WSJ US BusinessModerna Sues Pfizer and BioNTech Over mRNA Patents

August 26, 20220
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Moderna Inc. sued rival Covid-19 vaccine makers Pfizer Inc. and BioNTech SE, alleging that the companies’ shot infringes on key intellectual property owned by Moderna.

Pfizer and BioNTech’s vaccine relies on messenger RNA technology that Moderna had developed and patented years ago, including a chemical modification that avoids prompting an undesirable immune response, Moderna said in lawsuits filed Friday.

Moderna filed a lawsuit in a U.S. federal court in Massachusetts. A lawsuit was also filed in the Regional Court of Düsseldorf in Germany, according to Moderna.

Moderna employees working on mRNA technology earlier in the pandemic in Norwood, Mass.

Photo: Maddie Malhotra for The Wall Street Journal

“We are filing these lawsuits to protect the innovative mRNA technology platform that we pioneered, invested billions of dollars in creating, and patented during the decade preceding the Covid-19 pandemic,” said Moderna Chief Executive Stéphane Bancel.

Pfizer and BioNTech said that their vaccine is based on original and proprietary technology created by BioNTech and that they would vigorously defend against Moderna’s allegations.

Moderna said it isn’t seeking an injunction to force Pfizer and BioNTech’s vaccine off the market, but is asking the court to award damages based on vaccine sales after early March when it said it expected vaccine makers in rich countries to license its patents for use in their Covid-19 vaccines.

Moderna also said it won’t seek damages on certain sales governed by a U.S. law allowing federal contractors to use patent-protected technology without permission. The law also requires patent owners to seek compensation for use of their intellectual property from the government rather than the contractor.

The lawsuits augur what could be a lengthy legal confrontation between the rival makers of mRNA vaccines, a relatively new technology that hadn’t been proven to work before it became the backbone of the first and mostly widely used shots authorized in the U.S. to protect against Covid-19.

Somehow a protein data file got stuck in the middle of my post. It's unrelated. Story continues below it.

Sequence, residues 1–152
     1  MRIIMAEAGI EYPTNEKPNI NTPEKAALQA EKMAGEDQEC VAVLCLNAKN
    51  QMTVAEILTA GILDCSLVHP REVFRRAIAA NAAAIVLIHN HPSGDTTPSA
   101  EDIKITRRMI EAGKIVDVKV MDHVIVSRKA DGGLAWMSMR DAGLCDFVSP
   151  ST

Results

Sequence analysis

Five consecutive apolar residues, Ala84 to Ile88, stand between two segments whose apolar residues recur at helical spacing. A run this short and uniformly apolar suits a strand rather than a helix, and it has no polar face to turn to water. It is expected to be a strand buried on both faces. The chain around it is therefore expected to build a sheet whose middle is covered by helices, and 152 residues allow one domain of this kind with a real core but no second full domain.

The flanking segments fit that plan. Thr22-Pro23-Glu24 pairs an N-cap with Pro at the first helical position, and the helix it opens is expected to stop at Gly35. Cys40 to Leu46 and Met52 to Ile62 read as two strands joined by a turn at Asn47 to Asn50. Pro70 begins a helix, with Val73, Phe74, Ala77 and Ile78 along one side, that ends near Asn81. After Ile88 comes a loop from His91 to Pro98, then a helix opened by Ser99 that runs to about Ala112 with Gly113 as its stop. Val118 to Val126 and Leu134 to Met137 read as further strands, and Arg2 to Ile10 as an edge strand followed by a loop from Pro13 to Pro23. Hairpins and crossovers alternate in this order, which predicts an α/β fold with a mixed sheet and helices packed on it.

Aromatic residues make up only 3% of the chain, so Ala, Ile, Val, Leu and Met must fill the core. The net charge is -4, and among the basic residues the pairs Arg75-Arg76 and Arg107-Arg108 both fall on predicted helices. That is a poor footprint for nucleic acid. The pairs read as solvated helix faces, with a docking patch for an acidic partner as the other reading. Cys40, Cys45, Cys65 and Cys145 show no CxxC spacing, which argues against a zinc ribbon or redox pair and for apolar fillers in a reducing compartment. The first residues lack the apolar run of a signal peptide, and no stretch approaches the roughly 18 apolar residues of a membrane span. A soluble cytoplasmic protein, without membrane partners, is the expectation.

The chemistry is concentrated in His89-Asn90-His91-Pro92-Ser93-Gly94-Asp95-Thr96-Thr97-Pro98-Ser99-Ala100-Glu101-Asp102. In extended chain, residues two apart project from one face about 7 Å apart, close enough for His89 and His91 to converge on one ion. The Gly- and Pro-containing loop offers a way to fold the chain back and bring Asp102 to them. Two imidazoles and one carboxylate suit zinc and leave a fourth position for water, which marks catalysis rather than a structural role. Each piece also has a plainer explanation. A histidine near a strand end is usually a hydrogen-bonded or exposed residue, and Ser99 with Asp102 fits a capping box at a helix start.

The litigation might also mark the end of a period of unusual comity among big drugmakers, who looked past traditional rivalries and even joined forces in some cases to find medicines that could fight the coronavirus.

“It does seem to signify a return to the way the biotech industry normally does business,” said Jacob Sherkow, a professor of law at the University of Illinois at Urbana-Champaign. “The big question is whether commercial sales [of the Pfizer-BioNTech shot] going forward are going to be remotely as valuable as the initial lot of sales” to the U.S. government.

Given mRNA’s success and potential, patent disputes over the technology were always likely. Intellectual-property fights over scientific breakthroughs are common in the pharmaceutical industry, often breaking out before a promising technology produces a commercial product. The litigation usually takes years.

MRNA, which has generated tens of billions of dollars in sales for Covid-19-vaccine makers, promises to ring up even more as Moderna, Pfizer and other firms move to apply it to non-pandemic diseases.

Whoever holds the patent rights to the technology would be in a position to secure revenue from other companies that want to use it. If Moderna were to prevail in its patent suit, Pfizer and BioNTech could be made to pay royalties on their vaccine sales to their rival.

Moderna has squabbled with the U.S. government over who discovered a key component of the shot they joined to develop. In July, German biotech CureVac NV alleged in a lawsuit filed in Germany that its patents were infringed upon by Pfizer and BioNTech’s vaccine.

Legal experts said Moderna’s suit is likely to be complicated by a public pledge it made in October 2020 not to enforce its mRNA vaccine patents for the duration of the pandemic. Such promises are legally binding if they are relied on by other companies to advance a product onto the market, legal experts said.